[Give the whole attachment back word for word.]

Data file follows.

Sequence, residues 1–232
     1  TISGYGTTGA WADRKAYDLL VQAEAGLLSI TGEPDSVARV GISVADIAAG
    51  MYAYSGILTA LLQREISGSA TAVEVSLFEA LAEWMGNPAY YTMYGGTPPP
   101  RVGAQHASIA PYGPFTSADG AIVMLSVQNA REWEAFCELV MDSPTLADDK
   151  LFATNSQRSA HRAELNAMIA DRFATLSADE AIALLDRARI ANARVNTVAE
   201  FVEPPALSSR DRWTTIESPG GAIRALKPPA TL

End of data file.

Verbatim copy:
Sequence, residues 1–232
     1  TISGYGTTGA WADRKAYDLL VQAEAGLLSI TGEPDSVARV GISVADIAAG
    51  MYAYSGILTA LLQREISGSA TAVEVSLFEA LAEWMGNPAY YTMYGGTPPP
   101  RVGAQHASIA PYGPFTSADG AIVMLSVQNA REWEAFCELV MDSPTLADDK
   151  LFATNSQRSA HRAELNAMIA DRFATLSADE AIALLDRARI ANARVNTVAE
   201  FVEPPALSSR DRWTTIESPG GAIRALKPPA TL